City News

Should Madison offer a city ID card? Some officials think so

The proposed identification cards would include information on gender, age and address.

Image By: Jon Yoon

City officials are looking to the Madison community for input on a local identification card program.

Officials released a survey this week gauging participation and what residents would like to see on an identification card. The program is primarily focused on “trying to reach populations that could benefit from having an ID,” said Deputy Mayor Gloria Reyes.

The municipal ID program would provide those who don’t have a government-provided photo ID with access to tasks such as acquiring a library card, opening a bank account and buying a bus pass. However, they would not serve as a valid driver’s license or allow the cardholder to vote.

The cards would include a photograph of the recipient. Additional proposed details include gender, age and address.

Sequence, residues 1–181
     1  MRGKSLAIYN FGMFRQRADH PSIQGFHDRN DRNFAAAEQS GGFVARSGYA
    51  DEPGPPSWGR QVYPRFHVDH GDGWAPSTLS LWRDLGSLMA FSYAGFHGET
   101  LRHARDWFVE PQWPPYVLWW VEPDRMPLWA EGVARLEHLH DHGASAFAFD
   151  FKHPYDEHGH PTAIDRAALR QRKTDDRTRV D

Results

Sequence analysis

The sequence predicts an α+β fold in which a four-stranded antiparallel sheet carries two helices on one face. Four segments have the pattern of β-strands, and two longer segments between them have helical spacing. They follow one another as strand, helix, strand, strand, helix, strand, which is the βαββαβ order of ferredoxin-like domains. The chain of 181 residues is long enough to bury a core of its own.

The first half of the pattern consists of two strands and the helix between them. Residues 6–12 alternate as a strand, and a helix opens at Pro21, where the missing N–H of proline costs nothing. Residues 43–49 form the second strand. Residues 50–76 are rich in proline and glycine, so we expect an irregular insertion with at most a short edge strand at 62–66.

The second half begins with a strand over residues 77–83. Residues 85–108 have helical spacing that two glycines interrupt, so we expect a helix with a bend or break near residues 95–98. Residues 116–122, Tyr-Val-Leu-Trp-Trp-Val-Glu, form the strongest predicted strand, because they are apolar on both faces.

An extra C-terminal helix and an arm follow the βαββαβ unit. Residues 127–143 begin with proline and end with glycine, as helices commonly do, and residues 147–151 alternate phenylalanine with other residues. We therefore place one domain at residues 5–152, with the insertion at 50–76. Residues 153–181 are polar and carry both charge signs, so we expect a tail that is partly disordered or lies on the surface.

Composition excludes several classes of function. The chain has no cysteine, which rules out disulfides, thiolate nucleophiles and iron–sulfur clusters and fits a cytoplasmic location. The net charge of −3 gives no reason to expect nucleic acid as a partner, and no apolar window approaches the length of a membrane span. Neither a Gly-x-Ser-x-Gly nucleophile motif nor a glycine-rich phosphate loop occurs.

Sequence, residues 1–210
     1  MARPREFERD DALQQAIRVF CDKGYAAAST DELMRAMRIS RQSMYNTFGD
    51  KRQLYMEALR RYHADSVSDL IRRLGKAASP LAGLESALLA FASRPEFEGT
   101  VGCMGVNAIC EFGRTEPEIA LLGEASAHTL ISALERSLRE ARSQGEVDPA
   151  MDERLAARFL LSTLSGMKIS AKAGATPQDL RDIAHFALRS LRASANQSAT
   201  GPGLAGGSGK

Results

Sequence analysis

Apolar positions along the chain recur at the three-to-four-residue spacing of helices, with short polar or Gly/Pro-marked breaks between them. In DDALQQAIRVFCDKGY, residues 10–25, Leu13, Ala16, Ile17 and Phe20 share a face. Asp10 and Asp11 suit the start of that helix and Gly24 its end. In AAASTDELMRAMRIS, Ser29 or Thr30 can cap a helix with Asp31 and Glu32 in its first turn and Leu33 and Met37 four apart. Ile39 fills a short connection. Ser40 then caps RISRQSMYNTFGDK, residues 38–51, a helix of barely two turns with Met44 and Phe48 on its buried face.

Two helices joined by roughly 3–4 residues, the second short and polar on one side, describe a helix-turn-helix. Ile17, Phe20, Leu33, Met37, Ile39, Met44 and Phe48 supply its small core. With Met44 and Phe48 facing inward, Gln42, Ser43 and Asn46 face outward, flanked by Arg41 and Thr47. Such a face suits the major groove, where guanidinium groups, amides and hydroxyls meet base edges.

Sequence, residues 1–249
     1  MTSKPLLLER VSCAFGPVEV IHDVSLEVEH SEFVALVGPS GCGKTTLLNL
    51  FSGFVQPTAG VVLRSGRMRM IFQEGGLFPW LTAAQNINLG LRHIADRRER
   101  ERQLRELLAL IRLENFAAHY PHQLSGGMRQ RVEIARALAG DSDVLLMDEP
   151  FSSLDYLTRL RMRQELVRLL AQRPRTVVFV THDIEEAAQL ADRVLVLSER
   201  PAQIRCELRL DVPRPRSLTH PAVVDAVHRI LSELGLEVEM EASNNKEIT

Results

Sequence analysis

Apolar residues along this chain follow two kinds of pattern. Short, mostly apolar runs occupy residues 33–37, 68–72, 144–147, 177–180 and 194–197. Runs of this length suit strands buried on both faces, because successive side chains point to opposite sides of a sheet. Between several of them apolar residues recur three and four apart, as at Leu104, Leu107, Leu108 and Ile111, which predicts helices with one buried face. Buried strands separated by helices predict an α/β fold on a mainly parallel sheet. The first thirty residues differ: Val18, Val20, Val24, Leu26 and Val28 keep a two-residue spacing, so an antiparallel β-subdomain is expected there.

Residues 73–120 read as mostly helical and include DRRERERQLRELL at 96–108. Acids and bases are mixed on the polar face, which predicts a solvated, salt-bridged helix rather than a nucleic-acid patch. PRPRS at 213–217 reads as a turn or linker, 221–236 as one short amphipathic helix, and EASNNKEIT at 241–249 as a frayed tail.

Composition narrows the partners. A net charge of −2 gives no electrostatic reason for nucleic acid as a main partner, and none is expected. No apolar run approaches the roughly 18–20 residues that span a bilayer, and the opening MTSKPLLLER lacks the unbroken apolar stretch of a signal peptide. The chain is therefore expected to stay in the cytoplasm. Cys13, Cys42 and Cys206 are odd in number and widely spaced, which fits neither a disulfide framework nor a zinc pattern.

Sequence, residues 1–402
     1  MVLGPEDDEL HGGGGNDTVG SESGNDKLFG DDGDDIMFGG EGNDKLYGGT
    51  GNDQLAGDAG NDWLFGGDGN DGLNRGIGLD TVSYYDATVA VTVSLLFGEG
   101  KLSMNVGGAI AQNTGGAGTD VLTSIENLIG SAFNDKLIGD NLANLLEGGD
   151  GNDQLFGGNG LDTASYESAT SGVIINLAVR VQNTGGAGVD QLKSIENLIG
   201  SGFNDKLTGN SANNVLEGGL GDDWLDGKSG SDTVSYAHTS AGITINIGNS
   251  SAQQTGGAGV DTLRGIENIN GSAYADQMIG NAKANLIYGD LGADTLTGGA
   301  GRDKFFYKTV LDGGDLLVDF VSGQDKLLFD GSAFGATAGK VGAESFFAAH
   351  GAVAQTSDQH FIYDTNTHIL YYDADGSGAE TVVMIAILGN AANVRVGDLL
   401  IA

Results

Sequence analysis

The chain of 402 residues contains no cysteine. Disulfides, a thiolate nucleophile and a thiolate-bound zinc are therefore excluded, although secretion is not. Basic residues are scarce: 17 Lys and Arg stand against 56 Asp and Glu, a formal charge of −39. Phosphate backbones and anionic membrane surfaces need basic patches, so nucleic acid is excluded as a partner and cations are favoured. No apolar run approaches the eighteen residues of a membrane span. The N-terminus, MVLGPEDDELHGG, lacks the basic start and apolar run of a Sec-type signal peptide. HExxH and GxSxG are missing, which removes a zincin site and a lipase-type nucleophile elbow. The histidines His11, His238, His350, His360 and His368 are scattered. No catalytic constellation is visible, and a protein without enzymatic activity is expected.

Wisconsin lawmakers passed legislation in 2005 making only legal residents and U.S. citizens eligible for driver’s licenses. Those who don’t fall under these requirements or citizens who feel they are misrepresented by their current identification — such as the city’s homeless, transgender and immigrant populations — could benefit from the cards.

While the city is undecided on specific applicant qualifications, they have stated that future cardholders will have to pay a fee and be 14 years or older. Cities that offer similar programs, including Chicago, San Francisco and New Haven, require proof of residency to acquire an identification card.

Milwaukee began a similar ID program in July 2016. After one year, the city reported that the IDs have been a success.

The program would likely be implemented in 2018. 

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